Too much contemplation and not enough demonstration sends Thai-socky "Ong Bak 3" slumping to the canvas.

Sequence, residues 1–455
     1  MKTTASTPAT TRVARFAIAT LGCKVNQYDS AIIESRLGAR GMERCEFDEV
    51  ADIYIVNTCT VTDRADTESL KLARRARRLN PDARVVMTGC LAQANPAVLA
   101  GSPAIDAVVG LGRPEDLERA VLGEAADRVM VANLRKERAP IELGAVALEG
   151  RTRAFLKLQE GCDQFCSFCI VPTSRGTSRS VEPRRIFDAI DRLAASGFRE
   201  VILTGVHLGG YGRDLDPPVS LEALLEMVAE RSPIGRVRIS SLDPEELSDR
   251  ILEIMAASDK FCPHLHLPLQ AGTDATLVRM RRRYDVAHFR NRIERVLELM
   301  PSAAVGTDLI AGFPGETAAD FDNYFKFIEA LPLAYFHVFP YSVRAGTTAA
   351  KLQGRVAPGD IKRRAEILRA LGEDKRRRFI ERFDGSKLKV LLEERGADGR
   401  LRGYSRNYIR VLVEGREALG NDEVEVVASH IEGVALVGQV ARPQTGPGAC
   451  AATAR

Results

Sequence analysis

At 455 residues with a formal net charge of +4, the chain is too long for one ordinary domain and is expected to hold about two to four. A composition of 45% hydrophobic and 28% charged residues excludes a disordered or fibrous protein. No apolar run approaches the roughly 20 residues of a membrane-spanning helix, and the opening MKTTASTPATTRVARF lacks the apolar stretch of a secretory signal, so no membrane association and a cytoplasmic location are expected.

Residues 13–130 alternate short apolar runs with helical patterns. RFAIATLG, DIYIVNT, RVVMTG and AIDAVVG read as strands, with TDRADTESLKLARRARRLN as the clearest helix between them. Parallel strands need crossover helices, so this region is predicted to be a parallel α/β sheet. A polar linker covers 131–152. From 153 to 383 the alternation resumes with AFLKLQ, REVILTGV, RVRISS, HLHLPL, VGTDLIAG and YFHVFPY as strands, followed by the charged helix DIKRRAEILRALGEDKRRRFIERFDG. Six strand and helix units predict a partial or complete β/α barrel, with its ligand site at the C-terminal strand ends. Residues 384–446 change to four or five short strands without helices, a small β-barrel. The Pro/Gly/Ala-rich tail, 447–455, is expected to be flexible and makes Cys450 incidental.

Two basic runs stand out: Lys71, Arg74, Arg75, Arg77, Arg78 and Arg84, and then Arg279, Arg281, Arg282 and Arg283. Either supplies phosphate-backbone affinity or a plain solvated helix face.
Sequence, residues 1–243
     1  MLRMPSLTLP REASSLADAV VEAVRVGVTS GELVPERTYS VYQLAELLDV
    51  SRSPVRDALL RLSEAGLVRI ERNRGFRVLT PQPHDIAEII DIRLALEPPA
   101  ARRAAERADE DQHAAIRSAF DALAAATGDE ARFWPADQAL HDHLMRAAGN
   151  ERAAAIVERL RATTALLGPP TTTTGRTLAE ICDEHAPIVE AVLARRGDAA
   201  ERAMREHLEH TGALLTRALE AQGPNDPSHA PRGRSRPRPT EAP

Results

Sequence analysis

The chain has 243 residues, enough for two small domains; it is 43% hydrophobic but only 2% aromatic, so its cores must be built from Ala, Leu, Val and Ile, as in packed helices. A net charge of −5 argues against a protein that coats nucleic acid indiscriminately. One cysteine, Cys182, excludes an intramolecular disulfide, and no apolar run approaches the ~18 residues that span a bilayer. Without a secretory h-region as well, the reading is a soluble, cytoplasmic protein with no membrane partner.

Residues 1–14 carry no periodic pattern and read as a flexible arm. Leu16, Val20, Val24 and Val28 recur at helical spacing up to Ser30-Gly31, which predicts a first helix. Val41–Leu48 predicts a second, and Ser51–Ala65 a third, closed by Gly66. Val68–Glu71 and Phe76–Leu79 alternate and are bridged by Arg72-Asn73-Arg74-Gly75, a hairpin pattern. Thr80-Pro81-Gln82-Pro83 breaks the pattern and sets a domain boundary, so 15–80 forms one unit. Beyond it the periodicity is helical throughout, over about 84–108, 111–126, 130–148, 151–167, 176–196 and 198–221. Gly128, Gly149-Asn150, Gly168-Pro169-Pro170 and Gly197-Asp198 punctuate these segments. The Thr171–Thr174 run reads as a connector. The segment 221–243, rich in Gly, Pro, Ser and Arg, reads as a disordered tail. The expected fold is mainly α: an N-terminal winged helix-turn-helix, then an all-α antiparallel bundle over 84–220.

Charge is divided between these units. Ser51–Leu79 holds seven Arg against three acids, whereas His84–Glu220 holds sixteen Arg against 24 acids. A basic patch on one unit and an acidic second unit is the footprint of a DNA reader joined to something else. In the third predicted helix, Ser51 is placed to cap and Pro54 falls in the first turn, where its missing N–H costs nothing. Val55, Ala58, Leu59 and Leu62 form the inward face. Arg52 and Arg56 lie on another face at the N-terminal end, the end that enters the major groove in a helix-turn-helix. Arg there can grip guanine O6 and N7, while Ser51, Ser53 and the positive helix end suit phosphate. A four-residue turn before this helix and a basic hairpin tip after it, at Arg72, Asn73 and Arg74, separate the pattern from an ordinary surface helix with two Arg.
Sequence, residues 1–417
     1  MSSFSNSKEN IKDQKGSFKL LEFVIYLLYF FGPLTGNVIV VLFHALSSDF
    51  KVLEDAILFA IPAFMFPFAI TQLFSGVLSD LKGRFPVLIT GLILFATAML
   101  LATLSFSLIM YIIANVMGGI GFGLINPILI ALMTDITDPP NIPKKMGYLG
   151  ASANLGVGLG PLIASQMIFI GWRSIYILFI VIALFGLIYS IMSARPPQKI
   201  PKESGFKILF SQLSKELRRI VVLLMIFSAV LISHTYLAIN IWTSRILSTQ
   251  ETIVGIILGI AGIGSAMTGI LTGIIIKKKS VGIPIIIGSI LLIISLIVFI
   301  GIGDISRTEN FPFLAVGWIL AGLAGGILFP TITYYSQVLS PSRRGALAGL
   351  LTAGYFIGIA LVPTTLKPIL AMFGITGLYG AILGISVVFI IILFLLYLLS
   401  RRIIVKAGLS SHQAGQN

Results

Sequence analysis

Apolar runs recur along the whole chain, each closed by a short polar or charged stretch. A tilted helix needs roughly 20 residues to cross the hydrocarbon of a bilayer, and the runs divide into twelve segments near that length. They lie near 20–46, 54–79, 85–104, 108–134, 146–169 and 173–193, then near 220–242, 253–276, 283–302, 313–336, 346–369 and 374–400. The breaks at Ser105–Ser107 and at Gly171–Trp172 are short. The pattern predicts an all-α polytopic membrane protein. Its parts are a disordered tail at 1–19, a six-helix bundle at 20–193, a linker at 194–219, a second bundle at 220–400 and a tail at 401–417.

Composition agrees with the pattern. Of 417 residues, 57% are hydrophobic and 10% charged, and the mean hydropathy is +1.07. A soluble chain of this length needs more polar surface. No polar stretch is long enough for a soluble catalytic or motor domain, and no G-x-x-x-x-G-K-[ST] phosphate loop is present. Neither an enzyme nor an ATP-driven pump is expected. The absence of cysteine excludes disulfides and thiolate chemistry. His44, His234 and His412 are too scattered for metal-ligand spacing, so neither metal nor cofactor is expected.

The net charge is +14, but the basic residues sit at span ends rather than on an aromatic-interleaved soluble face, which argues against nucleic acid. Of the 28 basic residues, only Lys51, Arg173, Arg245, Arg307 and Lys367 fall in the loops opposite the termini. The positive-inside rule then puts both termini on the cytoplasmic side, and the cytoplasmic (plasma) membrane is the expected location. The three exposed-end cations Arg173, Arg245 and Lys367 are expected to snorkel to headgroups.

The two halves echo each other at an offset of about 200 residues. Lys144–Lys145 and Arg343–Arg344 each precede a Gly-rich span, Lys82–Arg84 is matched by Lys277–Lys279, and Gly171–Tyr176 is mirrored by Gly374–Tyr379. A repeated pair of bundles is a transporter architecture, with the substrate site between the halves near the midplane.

Too much contemplation and not enough demonstration sends Thai-socky “Ong Bak 3″ slumping to the canvas. Latest and reportedly final installment lacks the emotional clout that would compensate for the meager footage of martial-arts superman/co-helmer Tony Jaa beating the daylights out of all comers. Pic has grossed an underwhelming $1.4 million locally since May (the 2003 original took $7 million) and will likely struggle to perform theatrically offshore. Brand-name recognition should produce reasonable ancillary results.It’s never say never in franchise land, but another chapter looks unlikely anytime soon given Jaa’s recent decision to quit the film biz for a spell in a Buddhist monastery. Picking up where “Ong Bak 2″ left off, 15th-century fighting machine Tien (Jaa) comes to the rescue of downtrodden villagers suffering under sadistic Lord Rajasena (Sarunyu Wongkrajang) and supernatural heavy “Crow Ghost” (Dan Chupong). Far too much time is dedicated to Tien observing nature and sitting cross-legged following repetitious advice from his spiritual mentor (Nirut Sirijanya). Tien’s romance with local girl Pim (Wongkamlaoprimrata Det-Udom) is tepid, and overactive lensing and editing of fight scenes stand in contrast to the clean simplicity of the prior entries.